With the web changing at a rapid pace a website redesign can be an intimidating undertaking. How can you build a website that will look great and work well on current and future devices? Mobile, tablets, desktop, laptops, TVs, etc. There is only one relatively safe bet on future proofing your website and it's responsive web design or RWD.
A responsive website automatically resizes and reformats to browser dimensions and device functionality. So on a desktop it will look like a "normal" website but on a phone it will look and function like a mobile optimized site. Often a responsive website transitions from a mouse-friendly to a touch-friendly interface. A phone number becomes a "Call" button, etc.
We recently worked with Angie's List to redesign many of their landing pages to be responsive. For a live example go to this page and if you are on a desktop/laptop computer you can drag the bottom right corner of the browser to see the page respond to the new dimensions. When these pages relaunched with the responsive design Angie's List saw a 40% increase in conversions! We also recently launched a responsive website for Tyson Onsite that demonstrates a full responsive website. And there's the Powderkeg website we did for the recent Verge conference here in Indy.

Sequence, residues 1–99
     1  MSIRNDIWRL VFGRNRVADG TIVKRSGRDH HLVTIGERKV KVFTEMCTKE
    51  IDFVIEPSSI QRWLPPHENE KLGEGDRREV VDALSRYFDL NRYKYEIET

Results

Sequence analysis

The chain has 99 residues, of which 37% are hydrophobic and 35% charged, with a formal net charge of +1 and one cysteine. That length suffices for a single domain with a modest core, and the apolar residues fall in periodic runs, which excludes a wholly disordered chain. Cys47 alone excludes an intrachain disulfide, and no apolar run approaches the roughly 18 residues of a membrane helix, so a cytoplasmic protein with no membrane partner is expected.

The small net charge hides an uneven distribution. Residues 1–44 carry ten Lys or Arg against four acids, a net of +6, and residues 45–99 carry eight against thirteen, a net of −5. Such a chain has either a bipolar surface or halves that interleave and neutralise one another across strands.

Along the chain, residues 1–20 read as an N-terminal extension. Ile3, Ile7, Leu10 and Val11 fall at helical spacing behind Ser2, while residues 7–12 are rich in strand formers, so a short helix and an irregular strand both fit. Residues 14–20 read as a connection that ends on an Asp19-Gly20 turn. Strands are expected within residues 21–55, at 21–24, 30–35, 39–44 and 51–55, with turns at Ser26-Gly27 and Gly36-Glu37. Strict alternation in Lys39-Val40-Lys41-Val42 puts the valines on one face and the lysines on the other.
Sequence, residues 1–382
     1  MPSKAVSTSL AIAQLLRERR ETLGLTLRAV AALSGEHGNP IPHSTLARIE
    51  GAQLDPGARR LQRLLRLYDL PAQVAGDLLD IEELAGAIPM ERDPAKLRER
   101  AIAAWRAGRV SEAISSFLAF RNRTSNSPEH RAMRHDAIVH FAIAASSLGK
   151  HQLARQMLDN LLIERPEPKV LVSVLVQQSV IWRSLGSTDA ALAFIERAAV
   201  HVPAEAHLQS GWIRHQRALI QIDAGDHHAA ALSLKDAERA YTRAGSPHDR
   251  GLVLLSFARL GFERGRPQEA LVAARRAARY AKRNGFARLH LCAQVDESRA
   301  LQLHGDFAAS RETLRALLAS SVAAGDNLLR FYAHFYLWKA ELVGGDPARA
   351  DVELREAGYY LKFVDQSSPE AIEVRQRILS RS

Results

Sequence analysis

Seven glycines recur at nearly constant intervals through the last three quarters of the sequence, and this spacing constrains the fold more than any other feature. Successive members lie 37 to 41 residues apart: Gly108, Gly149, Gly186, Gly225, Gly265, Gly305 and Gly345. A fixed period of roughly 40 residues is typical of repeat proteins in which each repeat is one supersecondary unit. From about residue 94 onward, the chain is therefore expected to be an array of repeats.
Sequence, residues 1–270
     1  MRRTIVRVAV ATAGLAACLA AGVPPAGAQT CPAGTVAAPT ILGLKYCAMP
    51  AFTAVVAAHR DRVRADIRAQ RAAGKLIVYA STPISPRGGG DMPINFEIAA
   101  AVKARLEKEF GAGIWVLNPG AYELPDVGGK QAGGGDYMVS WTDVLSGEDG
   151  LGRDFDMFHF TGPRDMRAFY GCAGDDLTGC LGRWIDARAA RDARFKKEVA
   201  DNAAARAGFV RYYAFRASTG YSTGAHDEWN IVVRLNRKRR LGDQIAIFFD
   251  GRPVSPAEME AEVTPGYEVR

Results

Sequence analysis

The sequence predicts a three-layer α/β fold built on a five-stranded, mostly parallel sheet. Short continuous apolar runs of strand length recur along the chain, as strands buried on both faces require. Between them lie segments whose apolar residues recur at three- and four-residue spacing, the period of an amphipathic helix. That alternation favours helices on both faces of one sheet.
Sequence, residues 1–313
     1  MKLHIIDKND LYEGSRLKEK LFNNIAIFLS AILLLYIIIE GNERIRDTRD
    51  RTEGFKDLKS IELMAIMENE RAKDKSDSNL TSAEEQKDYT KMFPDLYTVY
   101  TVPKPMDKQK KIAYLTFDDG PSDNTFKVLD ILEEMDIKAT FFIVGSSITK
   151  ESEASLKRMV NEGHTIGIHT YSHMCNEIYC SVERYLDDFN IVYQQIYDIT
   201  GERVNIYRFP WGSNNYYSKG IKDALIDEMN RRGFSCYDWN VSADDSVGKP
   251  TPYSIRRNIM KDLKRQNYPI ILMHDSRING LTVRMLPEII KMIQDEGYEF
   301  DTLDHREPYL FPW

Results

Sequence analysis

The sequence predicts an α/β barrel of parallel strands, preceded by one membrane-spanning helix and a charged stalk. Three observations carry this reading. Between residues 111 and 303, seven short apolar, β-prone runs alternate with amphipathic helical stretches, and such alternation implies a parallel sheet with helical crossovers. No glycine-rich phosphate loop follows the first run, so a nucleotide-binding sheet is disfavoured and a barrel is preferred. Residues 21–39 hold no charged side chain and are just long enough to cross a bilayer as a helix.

In the coming weeks we will be relaunching our own site with a responsive front end. Our current website (which you are on right now) is mobile optimized which is a decent halfway solution and the only one available to us when we built it 3 years ago (Responsive became a "thing" in 2011). I'd be happy to discuss the difference between Responsive and mobile optimized in the comments if anyone wants clarification on the differences.
Responsive design future proofs your site against devices that haven't even been dreamed up. With mobile and tablet usage skyrocketing (many sites we monitor as quickly heading to 50% mobile/tablet traffic) it's clear that a website built to last has to be built to be responsive. Also, Google recently came out supporting Responsive as the gold standard which means it most likely has SEO implications as well. So if you've been waiting for mobile to settle down, it has, get responsive or get left behind.
Read more about responsive web design on Wikipedia